Norah's Notebook: Why Innovation does not belong in Corporate America

Since leaving the corporate grind last year (haha! I can say that now!) and restarting my Software Development firm, tekAura, I have come across many articles in the start-up community that keep on selling our secrets upstream.  The only saving grace is that I don't believe the corporate goons are capable of comprehending the underlying message. Anyone that has been a part of a corporate innovation initiative or two, or three hundred... you know what I mean!  It takes a unique kind of person to recognize the fallacy in these efforts.  After all the paper prizes and shiny internal disposable marketing packages, some of start wonder.... where is the change they keep talking about?  And one day, you stop, take a moment to look around and find yourself in a sea of drones, a sea of vacant button pushers.  Then you realize why everyone thinks you are nuts!  You make them look bad, you make them work harder.  Those people don't want to help, they don't believe they matter.  Why?  Because you have proven to them time and again they are worth less than the dirt from the smoking corner out in the parking lot.  So, no wonder you can't innovate.  You don't listen, you don't include, you don't care.  Whether because passion and drive is beaten out of you over the first 5 years of dedicated service or because you have given in to the executive bottom line requirements, management continues to struggle to translate your hidden agenda in actionable results on the cutting floor.  For this and many other reasons I will likely detail for the rest of my life, I was inspired to write the following comment on an article titled, Stop Stifling Entrepreneurs in Your Company:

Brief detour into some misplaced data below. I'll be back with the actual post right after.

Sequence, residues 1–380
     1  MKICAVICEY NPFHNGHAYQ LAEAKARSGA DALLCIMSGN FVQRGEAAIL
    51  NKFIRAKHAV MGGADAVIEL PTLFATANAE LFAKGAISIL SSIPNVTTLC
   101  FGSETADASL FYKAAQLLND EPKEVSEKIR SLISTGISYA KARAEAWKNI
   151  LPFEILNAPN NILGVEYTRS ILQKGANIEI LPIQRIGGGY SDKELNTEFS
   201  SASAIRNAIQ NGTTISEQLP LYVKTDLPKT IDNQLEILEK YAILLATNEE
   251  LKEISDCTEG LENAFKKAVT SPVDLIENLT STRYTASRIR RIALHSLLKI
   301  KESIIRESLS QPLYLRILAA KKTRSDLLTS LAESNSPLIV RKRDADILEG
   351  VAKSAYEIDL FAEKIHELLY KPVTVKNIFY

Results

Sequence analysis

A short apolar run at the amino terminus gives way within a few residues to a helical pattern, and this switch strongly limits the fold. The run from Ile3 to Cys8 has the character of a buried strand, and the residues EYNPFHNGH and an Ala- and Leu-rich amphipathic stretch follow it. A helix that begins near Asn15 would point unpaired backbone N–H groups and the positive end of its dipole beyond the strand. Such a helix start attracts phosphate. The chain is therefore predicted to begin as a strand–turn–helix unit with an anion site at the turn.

Corporate environments have never and will never be truly interested in innovation.  While some, like Google and Pixar may carry the intention forward, there will always come a point, due to it's sheer mass, when the demands of production quantity exceeds quality.  If left to their own devices, Executives are much more interested in acquiring Entrepreneurship capital after most of the Research & Development activities have been completed, which is the most expensive part of any project.  They would much rather purchase a product during its maintenance phase and ride it until it retires, maintaining warranty contracts and neatly billable work hours.  Entrepreneurship is innately risky, most do not have the guts for it.  Even those of us that do are constantly seeking a formula for ensuring success.  It is this unique individual, this brave soul, who should and does rightly serve society well by being ahead of the curve and willing to release a project at its peak potential.  Fortunately, or unfortunately, depending on how you look at it...   More and more Entrepreneurs are leaving the Corporate facade for rough waters and choosing not to create a rapid business development portfolio that only adds superfluous layers to the start-up soup, but rather, build a small B2B firm.  These creative houses incorporate social responsibility into every project and drive true innovation within the economy.  The most sustainable ones stay small and flexible.
Shannon Medlin Web Developer